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Hello my favorite hoomans!

I HOPE you’re all keeping warm and staying healthy and safe!

My firehouse family has done the math for 2020 and since I love sharing information about my firehouse, here’s some facts about the White Marsh volunteers from 2020:

  • Membership:
    • 250 total members and here’s the breakdown of their training
      • 85 firefighters
      • 41 are engine drivers and 30 firefighters also have EMS training
      • 42 members have emergency medical technician training, 11 of which are paramedics with 5 in training for paramedics. 24 can also drive the ambulance.
      • 33 are rehab members
      • 28 members make up our administrative staff
      • All of our firefighters and emergency medical staff are also trained for our rehab units.
      • Finally, we currently have 25 members in EMT training (165 hours) and 18 members are in firefighter training (123 hours).

In addition to all of the training for the certification of EMT and firefighter, every member must be certified in CPR, complete bloodborne pathogens and hazardous materials training as well as National Incident Command Systems training. We also train year-round in different areas such as “pulling hose,” practicing splinting, as well as stroke awareness training, pediatric emergencies, burn treatment, and active shooter training to name a few. Our members work hard to make sure we are ready for any emergency.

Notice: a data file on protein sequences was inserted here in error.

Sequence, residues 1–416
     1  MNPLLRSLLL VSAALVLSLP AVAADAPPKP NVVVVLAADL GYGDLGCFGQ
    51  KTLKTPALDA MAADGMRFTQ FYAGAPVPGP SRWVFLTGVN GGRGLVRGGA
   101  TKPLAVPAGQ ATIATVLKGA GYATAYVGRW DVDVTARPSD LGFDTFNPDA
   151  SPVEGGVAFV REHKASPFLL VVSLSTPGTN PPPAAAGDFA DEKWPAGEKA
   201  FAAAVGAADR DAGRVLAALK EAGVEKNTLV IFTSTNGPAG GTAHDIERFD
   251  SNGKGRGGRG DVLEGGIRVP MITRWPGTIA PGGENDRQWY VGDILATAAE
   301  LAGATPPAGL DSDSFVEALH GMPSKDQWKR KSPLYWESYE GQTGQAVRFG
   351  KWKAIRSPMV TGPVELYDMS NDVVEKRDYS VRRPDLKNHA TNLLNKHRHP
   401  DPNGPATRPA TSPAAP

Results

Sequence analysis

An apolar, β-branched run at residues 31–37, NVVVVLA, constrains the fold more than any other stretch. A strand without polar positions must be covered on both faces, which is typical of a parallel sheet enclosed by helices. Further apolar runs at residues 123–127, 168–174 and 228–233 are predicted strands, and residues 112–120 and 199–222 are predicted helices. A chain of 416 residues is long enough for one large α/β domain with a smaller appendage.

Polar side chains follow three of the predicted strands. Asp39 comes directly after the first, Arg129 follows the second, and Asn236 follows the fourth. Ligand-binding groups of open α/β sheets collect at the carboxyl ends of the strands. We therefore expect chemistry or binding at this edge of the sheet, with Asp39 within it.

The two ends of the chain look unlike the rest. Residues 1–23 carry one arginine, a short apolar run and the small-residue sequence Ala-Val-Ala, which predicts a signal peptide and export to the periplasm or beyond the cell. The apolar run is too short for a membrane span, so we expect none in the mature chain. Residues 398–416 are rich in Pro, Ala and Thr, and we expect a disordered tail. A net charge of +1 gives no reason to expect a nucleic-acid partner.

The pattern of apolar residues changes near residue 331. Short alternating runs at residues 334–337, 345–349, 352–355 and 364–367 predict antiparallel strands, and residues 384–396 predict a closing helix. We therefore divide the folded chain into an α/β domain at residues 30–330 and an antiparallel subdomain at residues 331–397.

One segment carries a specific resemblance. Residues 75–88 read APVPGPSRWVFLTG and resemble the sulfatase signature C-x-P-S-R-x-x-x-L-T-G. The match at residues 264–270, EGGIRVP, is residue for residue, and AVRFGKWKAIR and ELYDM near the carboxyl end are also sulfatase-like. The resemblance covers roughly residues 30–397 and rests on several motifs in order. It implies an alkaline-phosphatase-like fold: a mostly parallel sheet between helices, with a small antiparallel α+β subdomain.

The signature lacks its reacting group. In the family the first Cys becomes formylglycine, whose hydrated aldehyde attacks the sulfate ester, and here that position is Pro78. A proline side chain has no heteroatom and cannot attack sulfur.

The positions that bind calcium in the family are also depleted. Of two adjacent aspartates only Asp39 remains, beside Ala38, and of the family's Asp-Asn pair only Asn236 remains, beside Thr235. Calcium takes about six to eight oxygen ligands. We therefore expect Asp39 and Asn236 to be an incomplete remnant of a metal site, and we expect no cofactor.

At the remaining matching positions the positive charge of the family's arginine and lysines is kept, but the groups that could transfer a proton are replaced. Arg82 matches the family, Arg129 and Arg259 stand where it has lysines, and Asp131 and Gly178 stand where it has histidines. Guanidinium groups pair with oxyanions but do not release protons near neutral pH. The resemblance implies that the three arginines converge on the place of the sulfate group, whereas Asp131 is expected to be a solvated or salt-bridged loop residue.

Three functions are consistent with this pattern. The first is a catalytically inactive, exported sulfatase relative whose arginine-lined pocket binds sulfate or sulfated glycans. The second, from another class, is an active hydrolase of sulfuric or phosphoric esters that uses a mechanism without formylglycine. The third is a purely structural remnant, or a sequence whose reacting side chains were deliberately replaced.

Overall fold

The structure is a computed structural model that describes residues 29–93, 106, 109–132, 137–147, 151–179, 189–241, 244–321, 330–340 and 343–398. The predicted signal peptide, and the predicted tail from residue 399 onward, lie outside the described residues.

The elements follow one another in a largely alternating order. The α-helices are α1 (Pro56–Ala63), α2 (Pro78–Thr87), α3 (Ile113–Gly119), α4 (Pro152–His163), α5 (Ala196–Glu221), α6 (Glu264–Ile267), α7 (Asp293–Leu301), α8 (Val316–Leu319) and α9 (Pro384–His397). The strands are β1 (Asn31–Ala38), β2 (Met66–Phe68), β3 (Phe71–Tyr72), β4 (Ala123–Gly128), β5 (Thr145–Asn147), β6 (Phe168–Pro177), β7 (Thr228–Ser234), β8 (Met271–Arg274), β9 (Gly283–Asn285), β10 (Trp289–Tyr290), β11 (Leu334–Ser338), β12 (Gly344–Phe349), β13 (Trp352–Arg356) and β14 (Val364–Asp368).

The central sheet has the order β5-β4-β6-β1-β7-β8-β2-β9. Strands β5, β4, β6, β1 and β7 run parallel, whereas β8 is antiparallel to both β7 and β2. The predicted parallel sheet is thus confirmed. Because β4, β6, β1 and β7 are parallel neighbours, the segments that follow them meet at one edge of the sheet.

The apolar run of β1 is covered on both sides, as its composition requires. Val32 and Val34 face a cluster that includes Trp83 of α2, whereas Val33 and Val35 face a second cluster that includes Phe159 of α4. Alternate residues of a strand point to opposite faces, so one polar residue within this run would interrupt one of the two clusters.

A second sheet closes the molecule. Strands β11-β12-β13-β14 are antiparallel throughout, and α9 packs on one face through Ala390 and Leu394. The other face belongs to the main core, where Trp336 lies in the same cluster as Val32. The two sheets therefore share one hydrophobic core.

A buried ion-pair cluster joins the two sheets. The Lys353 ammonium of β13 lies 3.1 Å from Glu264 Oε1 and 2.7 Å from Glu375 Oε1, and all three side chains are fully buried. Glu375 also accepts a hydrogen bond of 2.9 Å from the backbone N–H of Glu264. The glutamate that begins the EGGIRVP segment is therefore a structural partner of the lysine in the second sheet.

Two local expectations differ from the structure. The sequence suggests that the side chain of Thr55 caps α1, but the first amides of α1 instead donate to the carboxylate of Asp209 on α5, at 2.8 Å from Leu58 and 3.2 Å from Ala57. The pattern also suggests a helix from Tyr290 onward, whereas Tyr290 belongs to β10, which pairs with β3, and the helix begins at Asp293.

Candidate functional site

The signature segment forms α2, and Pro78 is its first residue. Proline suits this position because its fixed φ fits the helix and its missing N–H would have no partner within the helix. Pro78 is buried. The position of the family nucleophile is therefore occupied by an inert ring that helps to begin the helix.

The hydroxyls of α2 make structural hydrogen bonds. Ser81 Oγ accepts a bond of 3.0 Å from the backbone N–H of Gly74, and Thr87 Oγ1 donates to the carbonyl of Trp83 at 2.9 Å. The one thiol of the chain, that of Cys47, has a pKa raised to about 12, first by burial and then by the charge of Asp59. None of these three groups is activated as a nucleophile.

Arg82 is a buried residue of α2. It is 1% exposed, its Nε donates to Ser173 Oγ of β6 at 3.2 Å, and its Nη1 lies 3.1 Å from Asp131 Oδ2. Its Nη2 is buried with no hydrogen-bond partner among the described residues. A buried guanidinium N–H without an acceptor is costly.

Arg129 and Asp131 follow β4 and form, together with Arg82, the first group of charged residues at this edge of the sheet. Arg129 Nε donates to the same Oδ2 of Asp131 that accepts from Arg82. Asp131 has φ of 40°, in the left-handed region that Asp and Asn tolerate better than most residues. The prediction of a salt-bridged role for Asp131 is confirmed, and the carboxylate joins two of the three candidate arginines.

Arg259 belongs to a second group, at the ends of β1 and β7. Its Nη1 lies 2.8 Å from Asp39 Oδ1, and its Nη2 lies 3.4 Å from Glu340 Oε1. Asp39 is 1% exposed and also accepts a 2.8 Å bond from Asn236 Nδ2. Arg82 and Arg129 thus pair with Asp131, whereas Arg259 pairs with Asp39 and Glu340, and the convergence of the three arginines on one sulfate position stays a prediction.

As you can see, the WMVFC volunteers train hard, and here’s what our members do with all of that training.

As you can see, our VOLUNTEERS stay at the station a lot to protect our community – YAY TEAM!

Okay Frens. You know I would not be doing my job if I didn’t give you some safety tips, so here’s some safety tips about Radon since January is National Radon Action Month.

The Environmental Protection Agency offers lots of information on Radon, but here’s a little I found for you. I like to save you time and possibly save your life.

Radon is a naturally-occurring radioactive gas that can cause lung cancer. It is odorless and colorless. It’s naturally in our environment in trace amounts, but outside it goes away fast by itself. We need to talk about Radon getting inside cuz that’s when it can be bad and we don’t want that.

Radon is in the ground and can seep through cracks or holes in the foundation of homes and buildings. It gets trapped inside and builds up over time to cause harm. It’s very important to make sure your home has been tested, but don’t worry! If Radon is detected in your home, there are methods to fix it so it won’t hurt anyone. If you’re buying a new home, check to see if the home has been tested before you complete your purchase. While it isn’t a requirement for real estate transactions in Maryland, it is a recommendation by the EPA and we like to listen to them so we’re safe.

One more thing frens, be careful with those heaters and fireplaces. In case you missed my tips for those last month, here’s a few reminders:

  • Keep clothing and materials away from heaters and fireplaces.
  • Make sure the flue on your fireplace is open before lighting it.
  • Keep kids away from fireplaces, especially if you aren’t near it.
  • Never, ever leave a fireplace unattended. Never!
  • Never use your stove as a way to heat your home. Bad idea!

Okay my favorite hoomans, stay warm and healthy and don’t forget to follow us on social media and sign up for my emails.

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